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Apparently, when you move a function from one source code file to another, the git revision log (for the new file) can show you where that code fragment was originally coming from (see for example the Viewing History section in this tutorial).

How does this work?

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It doesn't track them. That's the beauty of it.

Git only records snapshots of the entire project tree: here's what all files looked like before the commit and here's how they look like after. How we got from here to there, Git doesn't care.

This allows intelligent tools to be written after a commit has already happened, to extract information from that commit. For example, rename detection in Git is done by comparing all deleted files against all new files and comparing pairwise similarity metrics. If the similarity metric is greater than x, they are considered renamed, if it is between y and x (y < x), it is considered to be a rename+edit, and if it is below y, they are considered independent. The cool thing is that you, as a "commit archaeologist", can specify after the fact, what x and y should be. This would not work if the commit simply recorded "this file is a rename of that file".

Detecting moved content works similar: you slice every file into pieces, compute similarity metrics between all the slices and can then deduce that this slice which was deleted over here and this very similar slice which was added over there are actually the same slice that was moved from here to there.

However, as tonfa mentioned in his answer, this is very expensive, so it is not normally done. But it could be done, and that's the point.

BTW: this is pretty much the exact opposite of the Operational Transformation model used by Google Wave, EtherPad, Gobby, SubEthaEdit, ACE and Co.

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    I don't quite get "That's the beauty of it". I mean, your explanation sounds like "Git doesn't store what actually happens to the files so that you can guess it later yourself!" Where's the beauty? – Kos Jul 26 '11 at 8:19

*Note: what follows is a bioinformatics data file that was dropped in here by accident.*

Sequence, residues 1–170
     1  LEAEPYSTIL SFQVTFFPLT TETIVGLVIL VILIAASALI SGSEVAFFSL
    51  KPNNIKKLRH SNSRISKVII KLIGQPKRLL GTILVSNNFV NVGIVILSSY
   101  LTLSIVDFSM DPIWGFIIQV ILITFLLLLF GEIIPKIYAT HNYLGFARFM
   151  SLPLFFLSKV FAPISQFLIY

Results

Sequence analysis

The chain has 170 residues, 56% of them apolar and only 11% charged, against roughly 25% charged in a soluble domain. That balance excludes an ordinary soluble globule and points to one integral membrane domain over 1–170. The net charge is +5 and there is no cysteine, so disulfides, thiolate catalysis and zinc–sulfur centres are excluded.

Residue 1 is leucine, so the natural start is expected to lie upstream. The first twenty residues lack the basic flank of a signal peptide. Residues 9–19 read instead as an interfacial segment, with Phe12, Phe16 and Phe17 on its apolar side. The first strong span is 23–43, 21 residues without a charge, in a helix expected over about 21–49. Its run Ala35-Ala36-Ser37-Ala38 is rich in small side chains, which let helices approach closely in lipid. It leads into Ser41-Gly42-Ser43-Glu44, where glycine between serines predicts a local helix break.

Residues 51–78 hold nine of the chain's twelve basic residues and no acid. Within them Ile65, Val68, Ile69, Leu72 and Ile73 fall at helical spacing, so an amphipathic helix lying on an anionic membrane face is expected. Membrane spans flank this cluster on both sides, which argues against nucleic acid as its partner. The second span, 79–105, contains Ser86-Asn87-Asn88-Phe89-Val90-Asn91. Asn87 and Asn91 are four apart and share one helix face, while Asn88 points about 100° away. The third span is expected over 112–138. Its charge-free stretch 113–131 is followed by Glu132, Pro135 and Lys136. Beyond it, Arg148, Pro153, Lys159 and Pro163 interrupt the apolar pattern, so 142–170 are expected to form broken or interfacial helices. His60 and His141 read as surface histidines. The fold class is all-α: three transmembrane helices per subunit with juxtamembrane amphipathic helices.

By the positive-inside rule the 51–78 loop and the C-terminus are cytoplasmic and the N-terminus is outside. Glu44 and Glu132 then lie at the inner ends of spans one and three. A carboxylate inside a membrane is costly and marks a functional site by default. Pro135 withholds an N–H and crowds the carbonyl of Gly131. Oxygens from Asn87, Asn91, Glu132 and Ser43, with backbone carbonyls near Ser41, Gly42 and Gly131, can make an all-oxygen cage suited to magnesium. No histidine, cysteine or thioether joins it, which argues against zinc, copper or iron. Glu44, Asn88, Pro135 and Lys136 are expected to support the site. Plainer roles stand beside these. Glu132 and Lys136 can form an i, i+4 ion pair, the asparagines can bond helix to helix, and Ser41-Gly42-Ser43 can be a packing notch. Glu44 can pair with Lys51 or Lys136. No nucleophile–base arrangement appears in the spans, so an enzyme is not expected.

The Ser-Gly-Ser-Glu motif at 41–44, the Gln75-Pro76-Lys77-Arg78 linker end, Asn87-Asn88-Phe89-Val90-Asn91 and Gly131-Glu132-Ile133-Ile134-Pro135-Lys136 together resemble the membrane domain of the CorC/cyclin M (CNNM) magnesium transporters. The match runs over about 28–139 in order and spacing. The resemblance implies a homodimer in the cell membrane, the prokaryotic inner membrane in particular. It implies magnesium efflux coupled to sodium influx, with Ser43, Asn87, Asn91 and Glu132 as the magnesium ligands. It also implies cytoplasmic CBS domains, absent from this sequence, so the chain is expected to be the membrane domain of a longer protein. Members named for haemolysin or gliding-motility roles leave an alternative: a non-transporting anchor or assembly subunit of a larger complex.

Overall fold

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    In my opinion the beauty of it is the realization that the tracking should not be part of the core version control itself. "Outsourcing" this feature avoids many of the complications and shortcomings of e.g. SVN. You gain simplicity and flexibility (SVN tools are typically restricted to using the tracking info that was originally recorded, even though this might not be a good representation of what actually happened to the codebase). – nikow May 8 '12 at 7:52
  • Kos, you do not have to guess it later. Git has heuristics to detect it when it matters (ie, when merging). – Frank Schwieterman Dec 21 '13 at 22:42
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    The beauty is that git doesn't presume that its current heuristics are the correct ones - it just saves the data and lets you interpret that data later, using whatever heuristics you want. This also means that if some heuristic is really expensive to compute, it can be done somewhere other than on the (potentially very busy!) shared repo. – pjz Jun 12 '14 at 16:11
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    @tavnab The Gmane-link has gone down since, but the mail is still available through the Web Archive. – kdb Mar 14 at 15:09
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It's purely a heuristic. It compares the distance between files and tries to find matching blocks. But this heuristic is only implemented when the code is copied or moved to a new file (otherwise it would be too costly, checking every pair of files).

  • and only within the same commit? – Thilo Nov 13 '09 at 12:53
  • Yes, it looks for matching files withing the same commit. – tonfa Nov 13 '09 at 13:27
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    See documentation for -M and -C options in git diff manpage. – Jakub Narębski Nov 13 '09 at 13:46

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